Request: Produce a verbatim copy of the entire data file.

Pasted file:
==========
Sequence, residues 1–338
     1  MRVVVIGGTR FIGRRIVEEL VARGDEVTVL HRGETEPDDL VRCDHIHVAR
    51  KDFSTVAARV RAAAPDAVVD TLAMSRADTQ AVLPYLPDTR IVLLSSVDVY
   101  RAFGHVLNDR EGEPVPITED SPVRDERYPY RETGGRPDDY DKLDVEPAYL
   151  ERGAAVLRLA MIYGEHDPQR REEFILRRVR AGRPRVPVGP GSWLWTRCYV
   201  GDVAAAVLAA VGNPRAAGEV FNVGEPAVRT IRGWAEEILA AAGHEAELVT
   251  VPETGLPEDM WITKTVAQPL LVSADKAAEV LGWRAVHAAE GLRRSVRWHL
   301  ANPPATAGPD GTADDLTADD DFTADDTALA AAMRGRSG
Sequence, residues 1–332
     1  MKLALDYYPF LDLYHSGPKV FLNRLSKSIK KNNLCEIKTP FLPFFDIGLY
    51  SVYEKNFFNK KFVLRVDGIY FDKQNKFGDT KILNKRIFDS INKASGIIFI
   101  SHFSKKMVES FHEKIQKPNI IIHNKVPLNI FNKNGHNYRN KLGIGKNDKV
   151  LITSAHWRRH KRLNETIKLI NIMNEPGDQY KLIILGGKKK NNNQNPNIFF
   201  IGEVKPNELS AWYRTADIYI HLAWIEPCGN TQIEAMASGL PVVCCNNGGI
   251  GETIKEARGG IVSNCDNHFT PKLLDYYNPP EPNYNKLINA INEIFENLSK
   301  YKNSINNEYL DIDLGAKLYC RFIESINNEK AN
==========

Sequence, residues 1–338
     1  MRVVVIGGTR FIGRRIVEEL VARGDEVTVL HRGETEPDDL VRCDHIHVAR
    51  KDFSTVAARV RAAAPDAVVD TLAMSRADTQ AVLPYLPDTR IVLLSSVDVY
   101  RAFGHVLNDR EGEPVPITED SPVRDERYPY RETGGRPDDY DKLDVEPAYL
   151  ERGAAVLRLA MIYGEHDPQR REEFILRRVR AGRPRVPVGP GSWLWTRCYV
   201  GDVAAAVLAA VGNPRAAGEV FNVGEPAVRT IRGWAEEILA AAGHEAELVT
   251  VPETGLPEDM WITKTVAQPL LVSADKAAEV LGWRAVHAAE GLRRSVRWHL
   301  ANPPATAGPD GTADDLTADD DFTADDTALA AAMRGRSG
Sequence, residues 1–332
     1  MKLALDYYPF LDLYHSGPKV FLNRLSKSIK KNNLCEIKTP FLPFFDIGLY
    51  SVYEKNFFNK KFVLRVDGIY FDKQNKFGDT KILNKRIFDS INKASGIIFI
   101  SHFSKKMVES FHEKIQKPNI IIHNKVPLNI FNKNGHNYRN KLGIGKNDKV
   151  LITSAHWRRH KRLNETIKLI NIMNEPGDQY KLIILGGKKK NNNQNPNIFF
   201  IGEVKPNELS AWYRTADIYI HLAWIEPCGN TQIEAMASGL PVVCCNNGGI
   251  GETIKEARGG IVSNCDNHFT PKLLDYYNPP EPNYNKLINA INEIFENLSK
   301  YKNSINNEYL DIDLGAKLYC RFIESINNEK AN